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The New Yorker Thanksgiving Cover Takes On Immigration

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No stranger to controversial cover art, The New Yorker Thanksgiving issue depicts a gaggle of pilgrims scampering under a starry sky.

A woman crawls under a barbed-wire fence that could be the U.S.-Mexico border. Two men, sweat dripping from their hats, sprint across the barren landscape.

The illustration is entitled "Promised Land."

"American politics tend to be very practical and open-minded, so why would you consider throwing them out?" cover artist Christoph Niemann told Huffington Post LatinoVoices, referring to the popular view on undocumented immigrants. "The debate should be about how can a country benefit from immigration. America depends on immigration. The discussion will be more valuable if it is focused on benefits".

Niemann, an illustrator, animator and graphic designer, is a German native and legal U.S. resident.

"I'm an immigrant myself and what I always found staggering is that there are tons of Europeans who get green cards and I know some of them are not legal from the get-go and that never comes up," he said. "Having a racial undertone in this debate is extremely hurtful. It shouldn't have anything to do with where the immigrant comes from."


The artist said a complicated issue unfortunately had been simplified for public consumption.

"Too often in politics, very complex subjects are being turned into sound bites, so it's easy to take them apart," Niemann told The New Yorker.

"I draw a parallel between current immigrants and early settlers -- the hope is that it will provide context, to help keep things in perspective."

Indeed, the political discourse on immigration has been reduced to buzz words. Electrified border fences topped with barbed wire. Boots on the ground. Predator Drones. Illegal. Criminal. Terrorism.

At the Republican primary debate Tuesday night, it was again evident that the pack -- with Newt Gingrich apparently the exception -- would quickly dispense with the immigration problem by deporting the roughly 11 million undocumented immigrants in the United States.

"I don't see how ... the party that says it's the party of the family is going to adopt an immigration policy which destroys families that have been here a quarter century," Gingrich said. "And I'm prepared to take the heat for saying, let's be humane in enforcing the law without giving them citizenship but by finding a way to create legality so that they are not separated from their families."

Rep. Michele Bachmann (R-Minn.), a Tea Party favorite, countered with another politically-charged code word in the delicate immigration debate, the A-word itself: Amnesty.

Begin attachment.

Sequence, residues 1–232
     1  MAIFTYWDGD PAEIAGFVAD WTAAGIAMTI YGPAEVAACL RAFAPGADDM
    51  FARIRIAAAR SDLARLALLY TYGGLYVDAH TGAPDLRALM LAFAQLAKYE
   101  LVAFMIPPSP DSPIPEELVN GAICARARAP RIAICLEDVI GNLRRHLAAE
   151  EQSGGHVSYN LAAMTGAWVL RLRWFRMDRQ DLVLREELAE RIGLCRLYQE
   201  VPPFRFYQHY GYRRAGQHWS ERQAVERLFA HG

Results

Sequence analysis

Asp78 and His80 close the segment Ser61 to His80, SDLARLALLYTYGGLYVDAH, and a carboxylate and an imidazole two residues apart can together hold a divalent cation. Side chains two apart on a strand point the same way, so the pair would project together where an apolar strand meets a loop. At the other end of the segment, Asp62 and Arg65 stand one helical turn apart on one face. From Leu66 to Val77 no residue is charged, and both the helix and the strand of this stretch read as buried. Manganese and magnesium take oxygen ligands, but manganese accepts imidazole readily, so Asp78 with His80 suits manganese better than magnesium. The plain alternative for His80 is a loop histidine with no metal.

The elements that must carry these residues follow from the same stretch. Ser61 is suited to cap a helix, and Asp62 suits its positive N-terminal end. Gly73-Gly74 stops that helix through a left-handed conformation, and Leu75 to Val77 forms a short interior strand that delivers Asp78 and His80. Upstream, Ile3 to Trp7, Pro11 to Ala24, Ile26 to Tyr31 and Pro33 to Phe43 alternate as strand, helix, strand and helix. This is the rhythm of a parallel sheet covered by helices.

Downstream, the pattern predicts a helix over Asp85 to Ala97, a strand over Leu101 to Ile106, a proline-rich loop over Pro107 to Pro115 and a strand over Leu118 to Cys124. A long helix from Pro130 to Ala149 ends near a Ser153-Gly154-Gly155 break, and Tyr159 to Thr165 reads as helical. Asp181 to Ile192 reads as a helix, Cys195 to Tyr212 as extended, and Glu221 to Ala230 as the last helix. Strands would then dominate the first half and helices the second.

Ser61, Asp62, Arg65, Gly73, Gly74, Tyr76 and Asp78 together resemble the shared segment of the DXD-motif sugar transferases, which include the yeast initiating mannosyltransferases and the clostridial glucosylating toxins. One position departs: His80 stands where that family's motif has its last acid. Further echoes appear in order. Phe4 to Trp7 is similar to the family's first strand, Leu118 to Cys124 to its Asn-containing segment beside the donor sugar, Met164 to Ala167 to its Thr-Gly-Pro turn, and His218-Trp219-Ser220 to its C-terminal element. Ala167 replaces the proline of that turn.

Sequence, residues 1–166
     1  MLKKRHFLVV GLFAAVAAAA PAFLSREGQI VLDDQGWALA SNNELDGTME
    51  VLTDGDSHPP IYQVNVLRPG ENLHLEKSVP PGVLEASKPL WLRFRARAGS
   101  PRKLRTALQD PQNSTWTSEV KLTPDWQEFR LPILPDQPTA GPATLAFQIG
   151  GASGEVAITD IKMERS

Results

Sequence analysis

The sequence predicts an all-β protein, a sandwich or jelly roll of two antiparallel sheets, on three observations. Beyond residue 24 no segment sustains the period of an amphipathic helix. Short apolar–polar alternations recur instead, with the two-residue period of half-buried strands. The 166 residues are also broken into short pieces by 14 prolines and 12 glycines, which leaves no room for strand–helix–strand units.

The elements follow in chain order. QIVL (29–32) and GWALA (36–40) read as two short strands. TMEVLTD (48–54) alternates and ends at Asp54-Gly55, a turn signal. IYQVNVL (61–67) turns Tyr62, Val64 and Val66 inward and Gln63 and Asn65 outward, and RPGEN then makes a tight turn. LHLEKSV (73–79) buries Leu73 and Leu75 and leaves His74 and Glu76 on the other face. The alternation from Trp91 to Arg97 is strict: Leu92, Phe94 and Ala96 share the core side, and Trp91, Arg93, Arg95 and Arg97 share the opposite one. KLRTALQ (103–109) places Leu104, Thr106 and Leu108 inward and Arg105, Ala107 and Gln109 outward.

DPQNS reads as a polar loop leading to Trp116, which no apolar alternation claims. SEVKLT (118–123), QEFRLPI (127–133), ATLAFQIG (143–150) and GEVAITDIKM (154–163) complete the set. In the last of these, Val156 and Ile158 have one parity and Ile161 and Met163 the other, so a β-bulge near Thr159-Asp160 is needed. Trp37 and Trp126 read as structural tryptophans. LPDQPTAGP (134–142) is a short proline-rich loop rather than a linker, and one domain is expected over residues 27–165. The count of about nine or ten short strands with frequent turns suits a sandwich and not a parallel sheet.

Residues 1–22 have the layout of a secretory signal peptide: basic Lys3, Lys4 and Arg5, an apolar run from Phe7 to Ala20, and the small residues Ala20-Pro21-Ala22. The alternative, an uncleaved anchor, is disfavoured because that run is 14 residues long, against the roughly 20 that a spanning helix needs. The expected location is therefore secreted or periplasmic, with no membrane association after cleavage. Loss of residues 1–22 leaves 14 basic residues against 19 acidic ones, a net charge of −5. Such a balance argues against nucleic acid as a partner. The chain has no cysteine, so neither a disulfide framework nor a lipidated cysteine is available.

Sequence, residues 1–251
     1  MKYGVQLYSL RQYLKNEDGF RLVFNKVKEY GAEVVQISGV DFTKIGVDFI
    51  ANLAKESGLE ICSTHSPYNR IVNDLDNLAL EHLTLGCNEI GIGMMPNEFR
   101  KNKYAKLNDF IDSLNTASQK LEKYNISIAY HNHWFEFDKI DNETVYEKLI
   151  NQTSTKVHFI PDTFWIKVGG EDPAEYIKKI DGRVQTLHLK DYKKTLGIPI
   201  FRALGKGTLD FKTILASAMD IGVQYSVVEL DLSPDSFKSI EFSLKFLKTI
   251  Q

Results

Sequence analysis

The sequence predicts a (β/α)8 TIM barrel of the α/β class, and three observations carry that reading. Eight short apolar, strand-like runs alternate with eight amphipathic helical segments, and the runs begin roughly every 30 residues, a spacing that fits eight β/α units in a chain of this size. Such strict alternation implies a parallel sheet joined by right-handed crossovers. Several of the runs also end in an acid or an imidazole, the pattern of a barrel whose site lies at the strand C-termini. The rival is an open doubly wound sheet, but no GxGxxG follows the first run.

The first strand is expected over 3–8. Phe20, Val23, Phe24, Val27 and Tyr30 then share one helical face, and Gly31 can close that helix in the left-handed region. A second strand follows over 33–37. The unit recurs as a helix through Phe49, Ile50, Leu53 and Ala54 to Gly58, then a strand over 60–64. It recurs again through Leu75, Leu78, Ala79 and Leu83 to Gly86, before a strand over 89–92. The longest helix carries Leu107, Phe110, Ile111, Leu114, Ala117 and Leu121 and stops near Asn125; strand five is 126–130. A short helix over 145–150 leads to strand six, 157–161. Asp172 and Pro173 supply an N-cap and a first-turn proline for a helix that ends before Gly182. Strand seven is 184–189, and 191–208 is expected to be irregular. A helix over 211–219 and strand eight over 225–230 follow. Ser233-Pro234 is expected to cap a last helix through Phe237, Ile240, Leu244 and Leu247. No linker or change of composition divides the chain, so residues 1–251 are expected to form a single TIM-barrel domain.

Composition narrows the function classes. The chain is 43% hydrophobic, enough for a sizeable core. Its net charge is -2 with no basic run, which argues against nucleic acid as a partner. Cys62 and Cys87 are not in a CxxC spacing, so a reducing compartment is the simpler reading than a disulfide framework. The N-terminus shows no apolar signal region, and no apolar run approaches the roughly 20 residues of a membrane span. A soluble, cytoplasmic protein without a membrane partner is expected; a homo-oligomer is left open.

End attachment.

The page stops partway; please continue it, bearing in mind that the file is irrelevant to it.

"I don't agree that you would make 11 million workers legal because that in effect is amnesty," Bachmann said. "And I also don't agree that you would give the Dream Act on a federal level."

The Dream Act, parts of which Gingrich has praised, would allow some young people who came to the United States without documentation to qualify for citizenship.

"Now, Newt Gingrich might have a huge problem because he said we must take into consideration families that have been here for over 25 years," Niemann said. "I'm not a Gingrich fan but to think that among all his flaws and insanities, what will keep him down is having a more humane view on immigration, I find this insane."

He added, "I wish this whole debate would be a lot more sober and careful. These are people and it's about their aspirations."

It would have been nice to ask the GOP candidates about The New Yorker's thought-provoking Thanksgiving cover, the latest in a long tradition.

In 1993, a Valentine's cover by Art Spiegelman showed a Hasidic man kissing a black woman.




Another Spiegelman cartoon caused a stir in 1999. His cover llustration depicted a portly white cop in a shooting gallery taking aim at civilian targets. A sign said: "41 shots 10 cents." An obvious reference to the police shooting death of Amadou Diallo, an unarmed African immigrant in the Bronx, the cover was denounced by the mayor, the governor and 250 police officers protested outside the magazine's offices.




Now, "Promised Land" is certain to resonate on both sides of the immigration debate. It suggests that the pilgrims, like many immigrants now, arrived uninvited. They prospered through perseverance and hard work, like many newcomers today.

In fact, studies from liberal and conservative research groups have found that members of the 1990s wave of immigration are successfully integrating into American life. They also tend to be more assimilated than counterparts in other countries.

A new report from the Center for American Progress, a nonpartisan think tank, concluded that integration patterns dispelled the popular notion that Hispanic immigrants were not assimilating. The study tracked immigrants that arrived in the 1990s. Only 25.5 percent of them owned homes in 2000. By 2030, 70.3 are expected to be homeowners.

Ruben Rumbaut, a sociologist at the University of California, Irvine, who studies criminal immigration trends, said new arrivals to the nation are not violent.

"Immigrants are associated with much lower rates of crime and incarceration," he said. "And some of the safest cities are those with large immigrant populations."

"Everybody's ancestors were immigrants," Niemann said. "The idea of immigration is celebrated every year in the U.S."

And on the eve of that holiday tradition started by immigrants, the latest allegorical cover from The New Yorker is quite fitting.

Niemann said, "Cartoonists, not politicians, should be the ones who condense political discussions into simple images."





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